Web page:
Once you have the spring completely caged, the service brake chamber will operate just as did your old one, and you may continue with the installation. First, returning to the original air chamber, loosen off the locknut and unscrew the clevis. Now, you'll want to cut the new pushrod so that you can screw on the old locknut and clevis to attain the same effective length (mounting flange to clevis length) as your old one. (This is the time to adjust the length for that 90 degree angle if necessary!) Do the measurements and then make the cut - with hacksaw or Skilsaw and cutoff disk - and screw on the locknut and the clevis - you may have to dress the end of the pushrod with a fine file, depending on how violent the cutting process was. Be sure to tighten the locknut securely against the clevis.

This done, you'll be able to mount your new dual brakepot in place of your old one. Remove the new mounting nuts, and introduce the new chamber to the flange on your rear axle. Re-fit the clevis pin while you can still move the chamber around on the flange, and then fit the lockwashers and mounting nuts. Snug them up, and then, using your brake buddy or similar tool, pull the slack adjuster against the brakes, and check that the angle between pushrod and slack adjuster at this point of application is a bit more than 90 degrees. If it is less than 90, you'll have to adjust the pushrod length by means of the clevis until it is less than 90 - as the brakes wear, this angle will increase past the ideal 90 degrees until it is more, and you'll have to adjust it again. Thankfully, this is not a daily chore, like adjusting the slack adjuster. Once you've got the angle right, (no pun intended) be sure to secure the clevis pin with a new cotter key. Ensure that the pot mounting nuts are now tightened securely.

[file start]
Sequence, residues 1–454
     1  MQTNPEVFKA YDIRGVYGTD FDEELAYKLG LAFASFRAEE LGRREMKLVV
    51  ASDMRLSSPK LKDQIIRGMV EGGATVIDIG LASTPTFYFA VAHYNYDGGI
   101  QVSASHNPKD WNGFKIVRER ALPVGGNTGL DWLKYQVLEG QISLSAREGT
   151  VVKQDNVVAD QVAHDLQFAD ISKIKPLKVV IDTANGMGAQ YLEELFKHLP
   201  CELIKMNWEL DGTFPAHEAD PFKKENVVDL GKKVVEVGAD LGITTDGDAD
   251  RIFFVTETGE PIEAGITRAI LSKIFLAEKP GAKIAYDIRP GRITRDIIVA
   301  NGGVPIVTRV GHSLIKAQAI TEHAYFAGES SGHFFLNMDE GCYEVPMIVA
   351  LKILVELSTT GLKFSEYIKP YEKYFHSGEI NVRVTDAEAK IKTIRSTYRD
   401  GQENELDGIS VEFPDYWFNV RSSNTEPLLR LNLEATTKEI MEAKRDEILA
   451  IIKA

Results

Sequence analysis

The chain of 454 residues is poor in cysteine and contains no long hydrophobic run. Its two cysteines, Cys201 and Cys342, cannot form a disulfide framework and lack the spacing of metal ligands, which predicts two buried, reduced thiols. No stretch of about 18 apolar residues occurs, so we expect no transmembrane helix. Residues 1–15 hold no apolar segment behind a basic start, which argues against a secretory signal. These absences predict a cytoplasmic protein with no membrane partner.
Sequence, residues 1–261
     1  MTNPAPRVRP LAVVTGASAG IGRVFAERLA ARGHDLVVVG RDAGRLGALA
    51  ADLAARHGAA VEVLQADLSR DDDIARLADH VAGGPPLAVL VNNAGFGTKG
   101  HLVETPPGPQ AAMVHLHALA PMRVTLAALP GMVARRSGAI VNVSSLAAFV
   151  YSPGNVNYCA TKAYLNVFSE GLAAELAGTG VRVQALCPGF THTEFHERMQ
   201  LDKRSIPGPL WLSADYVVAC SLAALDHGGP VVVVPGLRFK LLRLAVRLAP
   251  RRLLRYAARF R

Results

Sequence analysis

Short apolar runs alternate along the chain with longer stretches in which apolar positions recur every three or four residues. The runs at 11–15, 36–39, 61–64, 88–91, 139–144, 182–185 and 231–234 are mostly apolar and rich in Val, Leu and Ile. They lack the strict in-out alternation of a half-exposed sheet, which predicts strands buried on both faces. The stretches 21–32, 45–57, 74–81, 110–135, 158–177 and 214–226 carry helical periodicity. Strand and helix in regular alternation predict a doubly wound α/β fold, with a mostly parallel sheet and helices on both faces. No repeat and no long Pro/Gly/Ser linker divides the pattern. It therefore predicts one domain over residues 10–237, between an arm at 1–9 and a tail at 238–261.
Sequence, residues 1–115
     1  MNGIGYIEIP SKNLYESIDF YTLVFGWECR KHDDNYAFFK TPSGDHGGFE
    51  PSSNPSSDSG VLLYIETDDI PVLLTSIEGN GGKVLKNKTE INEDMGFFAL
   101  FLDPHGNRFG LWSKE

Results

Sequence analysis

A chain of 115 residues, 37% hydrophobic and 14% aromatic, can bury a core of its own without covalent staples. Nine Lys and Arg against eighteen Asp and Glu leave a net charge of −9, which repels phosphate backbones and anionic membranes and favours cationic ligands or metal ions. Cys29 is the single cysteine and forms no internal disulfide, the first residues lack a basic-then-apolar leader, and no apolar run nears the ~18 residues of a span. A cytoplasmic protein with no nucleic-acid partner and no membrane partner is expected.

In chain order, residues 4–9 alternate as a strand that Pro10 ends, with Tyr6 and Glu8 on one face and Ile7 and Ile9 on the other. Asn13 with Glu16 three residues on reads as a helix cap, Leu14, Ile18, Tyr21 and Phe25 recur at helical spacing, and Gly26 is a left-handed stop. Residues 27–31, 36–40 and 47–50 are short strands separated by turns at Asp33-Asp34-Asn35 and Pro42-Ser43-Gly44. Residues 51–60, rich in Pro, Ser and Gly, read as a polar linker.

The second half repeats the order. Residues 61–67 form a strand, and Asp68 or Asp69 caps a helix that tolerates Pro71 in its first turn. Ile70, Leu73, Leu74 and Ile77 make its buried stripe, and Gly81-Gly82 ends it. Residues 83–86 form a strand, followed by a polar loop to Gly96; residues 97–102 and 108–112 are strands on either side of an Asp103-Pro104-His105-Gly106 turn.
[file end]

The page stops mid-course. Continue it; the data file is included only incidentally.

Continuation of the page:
Now, adjust the slack adjuster for 1/4" or a bit less of free play - meaning so that you can move the end of the adjuster only this much before the movement is stopped by the shoes butting against the inside of the brake drum. This adjustment is done by rotating the 9/16" bolt head which rotates the worm in the slack adjuster lever. Tighten the bolt until you can get no movement, then back it off until you can move the pushrod about 1/4".